Off the coast of southern India, the developing island nation of Sri Lanka is an excellent spot for volunteers looking to have an outdoorsy experience. With a civil war and the 2004 tsunami in its recent past, there are many ways to volunteer in Sri Lanka. Laiden with beaches and palm trees, this teardrop-shaped tropical gem offers a variety of volunteer placements, from teaching to conservation and medicine. While only 25,000 square miles, those who volunteer in Sri Lanka will be able to enjoy beach-related activities, the rainforest, and animal sanctuaries both during and outside of their placements.
The three most popular volunteer placement locations in Sri Lanka are Colombo, Galle, and Kandy. Sri Lanka’s capital and largest city, Colombo, is full of traditional Hindu temples contrasted by a modern urban scene and a large harbor. This port city serves as the hub for politics and everything financial in Sri Lanka. Those who volunteer In Colombo can witness the apparent contrast between lifestyles of the local people, from the rich colonial lifestyle of those housed in mansions and the slums that stand nearby. Volunteer placements in medicine and teaching are common in Colombo.
Kandy is a hot spot for volunteer programs. Set inland amidst a hilly terrain, this city is a key location for volunteer projects in Sri Lanka revolving around conservation efforts, whether it’s working with turtles or elephants. While volunteering in Kandy volunteers can visit several Buddhist temples, like the famous Temple of Tooth, and a variety of gardens and parks.
Galle, a city colonized by the Dutch and featuring a large fortress, is another spot to find volunteer placements in Sri Lanka, particularly those involving volunteering with orphans. Volunteers working in orphanages will take part in all aspects of daily operations, whether it’s taking care of the children or planning special activities.
Volunteer Programs in Sri Lanka
Some of the most popular placements for volunteering in Sri Lanka involve working with elephants. Known for it’s wildlife, Sri Lankan elephants are in danger as a result of poaching. Volunteers can help in elephant rescue efforts and take care of injuries. Child and elderly care, along with a range of other medical placements, are quite common as well. Teaching English is another great option for volunteers who want to work with children, or even the Buddhist monk community. Unique placements are also prevalent in Sri Lanka, from IT Teaching to helping with temple renovations.
Volunteer programs in Sri Lanka can last anywhere from one week to more than six months depending on the program you choose and your desired length of stay. Though several languages are spoken throughout Sri Lanka, with the primary being Sinhala, English is widely used in urban areas and you don’t need language experience to volunteer in Sri Lanka.
Costs & Affordability
Volunteering in Sri Lanka is very affordable. Many volunteer programs include housing and meals, and longer duration programs can be a savings when compared to one week volunteer experiences. Prices are comparable to other destinations in southern Asia, though costs on this island nation can run a bit higher than nearby India. If you do choose a volunteer program in a larger city, like Colombo or Kandy, you will have access to ATMs, but don’t expect to find any in smaller cities.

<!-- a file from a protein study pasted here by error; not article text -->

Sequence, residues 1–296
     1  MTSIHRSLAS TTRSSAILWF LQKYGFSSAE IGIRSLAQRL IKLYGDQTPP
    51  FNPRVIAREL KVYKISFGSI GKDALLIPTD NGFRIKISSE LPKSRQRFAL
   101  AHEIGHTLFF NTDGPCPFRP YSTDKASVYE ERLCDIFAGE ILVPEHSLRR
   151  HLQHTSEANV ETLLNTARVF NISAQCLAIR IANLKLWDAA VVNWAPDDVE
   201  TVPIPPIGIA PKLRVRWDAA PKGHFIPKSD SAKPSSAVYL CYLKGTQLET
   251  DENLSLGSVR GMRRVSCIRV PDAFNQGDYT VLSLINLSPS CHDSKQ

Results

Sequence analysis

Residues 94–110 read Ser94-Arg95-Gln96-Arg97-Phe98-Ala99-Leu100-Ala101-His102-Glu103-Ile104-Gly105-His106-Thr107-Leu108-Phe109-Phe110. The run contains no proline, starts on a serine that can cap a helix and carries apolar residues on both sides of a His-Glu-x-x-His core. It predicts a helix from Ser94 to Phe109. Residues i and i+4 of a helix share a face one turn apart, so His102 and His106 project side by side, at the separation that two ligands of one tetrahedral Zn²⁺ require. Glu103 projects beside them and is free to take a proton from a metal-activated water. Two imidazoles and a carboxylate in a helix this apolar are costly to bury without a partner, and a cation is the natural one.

Volunteers can plan on a soda costing less than $1 USD and a fast food meal to be less than $5 USD. The difference in local prices and what tourists are charged can be big (be aware), but in most cases your money will go a long way. Transportation in Sri Lanka is also particularly cheap, so traveling by either bus or train won’t set you back more than a few dollars. Tipping is common in Sri Lankan culture, and 10 percent is a good benchmark to use.
Accommodation & Visas
Most volunteer programs in Sri Lanka include accommodation, be it dormitories, shared living houses, or homestays. The great thing about homestays is that volunteers get first-hand insight into the culture and can enjoy homemade local food. There are some programs that will require you to find your own accommodations independently.
If your volunteer program in Sri Lanka lasts less than 30 days, you only need a tourist visa which will set you back around $80 USD. Volunteers staying longer than 30 days will need to send in a written application for a tourist visa to replace the short-term electronic visa provided upon entry. Expect to pay around $150 USD for this. As with most visa processes, you’ll be required to have a passport valid six months after your stay, and several other verification documents including an itinerary.
Benefits & Challenges
Variety. Individuals who volunteer in Sri Lanka have opportunities to work with varied populations--elephants, turtles, Buddhist monks, children, the elderly, local businesses, or medical teams.
Be Creative! For volunteers who want to work with children or the elderly, it can be challenging to constantly be “on” and come up with fun ideas. It’s helpful to have some experience or creative activities before you jump into this type of volunteer program in Sri Lanka.
Progress. As a result of the civil war, which only ended recently, there is still a lot of rebuilding to be done in Sri Lanka. Along with this, tensions around ethnic lines (Sinhalese & Tamil) can be felt.